By Susan Westemeyer Bernhard Kohl is either working on his comeback or not yet making any plans for...

    By Susan Westemeyer

    Bernhard Kohl is either working on his comeback or not yet making any plans for it, according to contradictory statements by his trainer and his manager.

    His trainer, Werner Zanier, told nachrichten.at that the Gerolsteiner rider, who twice tested positive at the Tour de France, was making specific plans to come back for the 2010 Vuelta a España. He was looking at a two-year ban which would run until July 4, 2010, too late for that year's Tour de France. "I really think it is possible, that Bernhard will be among the best riders again after his suspension," Zanier said.

    The trainer added that Kohl will stay in training over the winter with mountainbiking, and is planning a training camp for March 2009. "Bernhard will change the minds of everyone who believes that he rode so well in the Tour de France only because of the CERA." The Austrian finished third overall in the race and won the mountain jersey.

    However, Kohl's manager Stefan Matschiner takes a different view, telling Cyclingnews there are "no specific plans. No one – not even himself – can make a prediction of how the future is going to look like."

    He added, "Basically Bernhard is waiting until the case is closed with whatever kind of penalty comes with it. Personally I think that he won't be able to set his mind until everything is over that relates to his terrible mistake."

  • Boonen allegedly used cocaine "often"

    Did Boonen take cocaine over a period of time?
    Article published:
    November 05, 2008, 0:00 GMT
    By:
    Cycling News

    Hair tests have allegedly shown that Tom Boonen used cocaine "often" over a period of months,...

    Hair tests have allegedly shown that Tom Boonen used cocaine "often" over a period of months, according to sportwereld.be.

    Boonen tested positive for cocaine at an out-of-competition control in May. He claimed innocence, saying someone must have spiked his drink at an outdoor cafe. According to the Belgian website, the investigating judge did not believe that story and ordered the hair test, which was carried out shortly after the Belgian championships.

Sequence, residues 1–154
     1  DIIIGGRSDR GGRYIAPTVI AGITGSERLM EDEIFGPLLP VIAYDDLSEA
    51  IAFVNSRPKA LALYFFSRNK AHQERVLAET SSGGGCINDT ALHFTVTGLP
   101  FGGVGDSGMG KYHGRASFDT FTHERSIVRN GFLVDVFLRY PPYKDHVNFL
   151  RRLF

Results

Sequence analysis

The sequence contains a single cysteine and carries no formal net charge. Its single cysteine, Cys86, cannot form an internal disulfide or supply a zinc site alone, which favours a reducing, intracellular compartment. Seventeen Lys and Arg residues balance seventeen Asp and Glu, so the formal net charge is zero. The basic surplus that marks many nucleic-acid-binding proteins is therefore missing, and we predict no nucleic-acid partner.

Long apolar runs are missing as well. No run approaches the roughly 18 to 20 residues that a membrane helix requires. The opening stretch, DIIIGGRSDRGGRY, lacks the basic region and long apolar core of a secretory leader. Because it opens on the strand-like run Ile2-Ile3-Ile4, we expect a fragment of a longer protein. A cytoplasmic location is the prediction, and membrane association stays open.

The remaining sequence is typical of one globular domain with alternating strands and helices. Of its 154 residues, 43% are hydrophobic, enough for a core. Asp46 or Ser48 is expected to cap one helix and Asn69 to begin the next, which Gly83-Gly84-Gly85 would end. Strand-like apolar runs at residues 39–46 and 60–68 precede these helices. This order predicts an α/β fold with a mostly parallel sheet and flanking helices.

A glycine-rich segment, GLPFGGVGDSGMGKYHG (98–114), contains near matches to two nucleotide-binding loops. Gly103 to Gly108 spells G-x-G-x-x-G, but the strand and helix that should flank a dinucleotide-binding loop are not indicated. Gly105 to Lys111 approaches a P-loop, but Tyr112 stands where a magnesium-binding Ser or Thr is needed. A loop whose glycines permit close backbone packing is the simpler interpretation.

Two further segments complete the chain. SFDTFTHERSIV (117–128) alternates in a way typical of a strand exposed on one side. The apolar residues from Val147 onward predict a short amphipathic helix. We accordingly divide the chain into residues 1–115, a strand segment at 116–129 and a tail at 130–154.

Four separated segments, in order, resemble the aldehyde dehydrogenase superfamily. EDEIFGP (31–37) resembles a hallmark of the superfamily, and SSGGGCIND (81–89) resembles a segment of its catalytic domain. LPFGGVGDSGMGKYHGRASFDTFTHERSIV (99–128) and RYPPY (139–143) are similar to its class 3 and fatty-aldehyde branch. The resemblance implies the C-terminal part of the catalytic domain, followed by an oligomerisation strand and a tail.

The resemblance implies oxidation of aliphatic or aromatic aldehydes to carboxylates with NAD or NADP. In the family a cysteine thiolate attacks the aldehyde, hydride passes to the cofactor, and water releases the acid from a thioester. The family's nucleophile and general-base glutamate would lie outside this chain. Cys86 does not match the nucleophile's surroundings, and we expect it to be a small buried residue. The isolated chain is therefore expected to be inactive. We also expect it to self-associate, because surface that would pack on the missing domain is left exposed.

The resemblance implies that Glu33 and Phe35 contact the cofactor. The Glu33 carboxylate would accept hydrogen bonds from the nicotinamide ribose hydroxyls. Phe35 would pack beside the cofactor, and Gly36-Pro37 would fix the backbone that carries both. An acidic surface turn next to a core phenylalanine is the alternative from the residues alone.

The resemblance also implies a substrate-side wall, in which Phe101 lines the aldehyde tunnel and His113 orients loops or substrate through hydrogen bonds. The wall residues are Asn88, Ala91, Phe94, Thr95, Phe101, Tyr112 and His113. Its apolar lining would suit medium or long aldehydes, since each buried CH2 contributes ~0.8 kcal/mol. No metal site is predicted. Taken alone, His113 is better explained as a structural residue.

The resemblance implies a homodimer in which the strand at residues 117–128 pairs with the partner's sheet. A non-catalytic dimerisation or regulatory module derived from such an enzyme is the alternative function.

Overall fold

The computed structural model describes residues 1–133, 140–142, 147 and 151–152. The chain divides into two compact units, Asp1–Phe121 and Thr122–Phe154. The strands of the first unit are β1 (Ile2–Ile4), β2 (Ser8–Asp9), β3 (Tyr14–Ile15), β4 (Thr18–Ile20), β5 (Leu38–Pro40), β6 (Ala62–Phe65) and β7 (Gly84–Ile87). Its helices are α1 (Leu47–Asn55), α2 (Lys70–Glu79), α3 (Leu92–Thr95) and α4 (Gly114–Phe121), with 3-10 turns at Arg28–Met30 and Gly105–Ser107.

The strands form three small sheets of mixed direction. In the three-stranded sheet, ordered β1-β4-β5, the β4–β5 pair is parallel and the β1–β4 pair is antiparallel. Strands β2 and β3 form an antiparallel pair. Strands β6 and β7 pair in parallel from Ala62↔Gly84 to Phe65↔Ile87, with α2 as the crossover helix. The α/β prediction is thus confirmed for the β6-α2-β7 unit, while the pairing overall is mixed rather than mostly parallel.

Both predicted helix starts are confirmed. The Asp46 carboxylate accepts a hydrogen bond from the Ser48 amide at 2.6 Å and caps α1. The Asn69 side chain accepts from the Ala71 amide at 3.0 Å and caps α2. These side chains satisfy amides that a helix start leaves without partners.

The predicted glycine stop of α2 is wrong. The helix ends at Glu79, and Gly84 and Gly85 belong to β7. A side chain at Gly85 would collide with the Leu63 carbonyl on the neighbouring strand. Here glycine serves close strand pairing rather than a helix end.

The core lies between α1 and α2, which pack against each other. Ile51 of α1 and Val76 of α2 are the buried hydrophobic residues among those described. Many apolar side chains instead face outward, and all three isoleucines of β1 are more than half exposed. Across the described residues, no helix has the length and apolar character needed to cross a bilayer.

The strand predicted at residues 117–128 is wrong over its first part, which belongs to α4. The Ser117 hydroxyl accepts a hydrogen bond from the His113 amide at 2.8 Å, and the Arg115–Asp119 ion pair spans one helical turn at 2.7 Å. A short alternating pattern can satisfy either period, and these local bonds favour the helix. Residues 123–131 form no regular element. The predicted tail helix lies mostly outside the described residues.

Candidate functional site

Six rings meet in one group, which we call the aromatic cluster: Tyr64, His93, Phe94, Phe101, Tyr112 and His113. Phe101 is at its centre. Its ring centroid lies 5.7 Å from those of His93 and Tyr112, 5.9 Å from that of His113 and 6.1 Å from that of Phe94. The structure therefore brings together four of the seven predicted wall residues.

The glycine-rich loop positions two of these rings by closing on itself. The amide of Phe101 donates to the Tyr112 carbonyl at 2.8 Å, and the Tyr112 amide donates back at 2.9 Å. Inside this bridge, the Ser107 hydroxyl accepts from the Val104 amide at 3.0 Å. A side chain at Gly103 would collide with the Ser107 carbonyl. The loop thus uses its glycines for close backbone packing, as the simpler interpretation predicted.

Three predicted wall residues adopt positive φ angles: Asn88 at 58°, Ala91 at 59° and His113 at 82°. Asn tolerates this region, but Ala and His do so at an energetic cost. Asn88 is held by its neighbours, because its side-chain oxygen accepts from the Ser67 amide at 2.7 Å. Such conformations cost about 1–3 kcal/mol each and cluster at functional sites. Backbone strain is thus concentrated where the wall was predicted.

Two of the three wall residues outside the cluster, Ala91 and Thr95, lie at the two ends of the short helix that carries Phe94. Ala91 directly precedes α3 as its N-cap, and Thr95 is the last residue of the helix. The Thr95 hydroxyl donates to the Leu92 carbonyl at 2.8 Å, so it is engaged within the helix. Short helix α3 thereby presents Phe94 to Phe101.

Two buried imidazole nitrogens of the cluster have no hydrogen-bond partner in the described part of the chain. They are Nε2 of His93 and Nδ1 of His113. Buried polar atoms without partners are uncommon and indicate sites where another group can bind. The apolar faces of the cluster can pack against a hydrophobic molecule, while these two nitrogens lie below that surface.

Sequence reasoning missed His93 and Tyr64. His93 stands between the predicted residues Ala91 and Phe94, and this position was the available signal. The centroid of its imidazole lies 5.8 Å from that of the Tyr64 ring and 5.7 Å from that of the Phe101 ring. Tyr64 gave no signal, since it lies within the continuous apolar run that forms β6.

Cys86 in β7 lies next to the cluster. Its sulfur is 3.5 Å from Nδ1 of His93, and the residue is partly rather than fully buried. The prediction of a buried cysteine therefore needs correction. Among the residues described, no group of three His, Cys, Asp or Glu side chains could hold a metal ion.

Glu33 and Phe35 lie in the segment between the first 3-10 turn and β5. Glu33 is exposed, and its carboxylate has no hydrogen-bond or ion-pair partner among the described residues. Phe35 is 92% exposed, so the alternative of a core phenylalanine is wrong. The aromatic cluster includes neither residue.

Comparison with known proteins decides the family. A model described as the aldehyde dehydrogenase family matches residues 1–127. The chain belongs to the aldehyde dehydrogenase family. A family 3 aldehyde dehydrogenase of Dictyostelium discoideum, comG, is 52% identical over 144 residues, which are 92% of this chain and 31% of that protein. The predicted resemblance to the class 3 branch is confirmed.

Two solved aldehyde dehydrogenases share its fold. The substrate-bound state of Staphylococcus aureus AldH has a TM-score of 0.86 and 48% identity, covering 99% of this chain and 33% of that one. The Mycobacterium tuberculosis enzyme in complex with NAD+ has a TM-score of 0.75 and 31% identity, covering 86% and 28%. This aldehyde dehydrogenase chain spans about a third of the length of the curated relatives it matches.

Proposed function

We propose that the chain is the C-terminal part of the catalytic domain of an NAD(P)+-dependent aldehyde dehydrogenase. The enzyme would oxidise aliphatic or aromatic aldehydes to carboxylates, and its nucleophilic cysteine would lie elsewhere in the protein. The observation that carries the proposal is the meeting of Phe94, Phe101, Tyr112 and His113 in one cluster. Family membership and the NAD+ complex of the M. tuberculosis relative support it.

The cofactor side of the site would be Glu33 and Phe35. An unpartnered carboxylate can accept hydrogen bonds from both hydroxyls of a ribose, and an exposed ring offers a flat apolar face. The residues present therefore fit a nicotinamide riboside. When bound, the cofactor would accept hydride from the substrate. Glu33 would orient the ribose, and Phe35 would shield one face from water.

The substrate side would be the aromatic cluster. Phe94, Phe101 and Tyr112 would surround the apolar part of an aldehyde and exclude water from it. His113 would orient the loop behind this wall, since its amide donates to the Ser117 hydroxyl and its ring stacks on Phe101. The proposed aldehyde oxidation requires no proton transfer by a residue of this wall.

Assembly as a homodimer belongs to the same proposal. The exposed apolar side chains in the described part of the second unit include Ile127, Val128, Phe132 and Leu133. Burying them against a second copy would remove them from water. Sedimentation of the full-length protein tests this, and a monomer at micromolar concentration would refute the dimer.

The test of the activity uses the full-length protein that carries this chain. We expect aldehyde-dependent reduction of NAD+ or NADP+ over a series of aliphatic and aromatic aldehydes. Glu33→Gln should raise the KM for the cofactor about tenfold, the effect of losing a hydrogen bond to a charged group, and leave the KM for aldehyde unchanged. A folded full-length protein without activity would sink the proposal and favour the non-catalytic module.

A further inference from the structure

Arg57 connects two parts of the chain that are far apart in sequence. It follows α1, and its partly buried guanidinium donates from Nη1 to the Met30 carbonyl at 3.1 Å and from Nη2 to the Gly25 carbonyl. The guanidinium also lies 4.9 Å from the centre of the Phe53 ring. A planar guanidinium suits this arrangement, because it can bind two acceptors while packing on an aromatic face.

The hair test results showed that while the Quick Step sprinter had not used the drug lately, he had used it earlier. "It is not a one-time thing," an anonymous investigator said on sportwereld.be.

    "He used coke often for a couple of months. Then he stopped. We infer that from the fact that hair grows one centimetre per month and there is no drug trace in the newest hair growth."

    The use of cocaine out-of-competition does not carry any sporting penalties. However, the judicial investigation is continuing.(SW)

  • Armstrong looking for balance

    Armstrong is thinking about his 2009 plan
    Article published:
    November 05, 2008, 0:00 GMT
    By:
    Susan Westemeyer

    After his session in the San Diego Air and Space Technology Low Speed Wind Tunnel on Tuesday, Lance...

    After his session in the San Diego Air and Space Technology Low Speed Wind Tunnel on Tuesday, Lance Armstrong sat down with Cyclingnews' Bruce Hildenbrand to talk about his comeback, the Tour, Linus Gerdemann and time trial positioning.

    Of course, the subject of Armstrong's possible participation in the 2009 Tour de France was a hot topic. "I want to say that I am not trying to be coy. I am not playing games with them [ASO], with the fans, the media. I simply don't know and I am not in a hurry to decide." said the seven time champion.

    "I am realistic about a lot of things when it comes to the Tour and I know there is tension between the French fans, French media and certainly with the organizers. And I don't want to deal with it now or perhaps even in July. I don't think we are all going to sit around and sing 'Kumbayah'."

    "So, I have to find this balance of 'do I want to try to go for an eighth Tour or help the team win a Tour' or 'do I want to help further the international cancer campaign' and all this over the animosity that exists."

    Read the full feature on Armstrong.

    Cyclingnews' recent coverage of Lance Armstrong's comeback

    January 18, 2009 - Armstrong announces start of Catlin's drug testing programme
    January 8, 2009 - Armstrong impresses Carmichael prior to Tour Down Under
    January 7, 2009 - Armstrong believes Team Astana can dominate Tour
    December 10, 2008 - Merckx: Armstrong's return good for cycling and Giro
    December 8, 2008 - Armstrong climbs Teide
    December 6, 2008 - Rast on life with...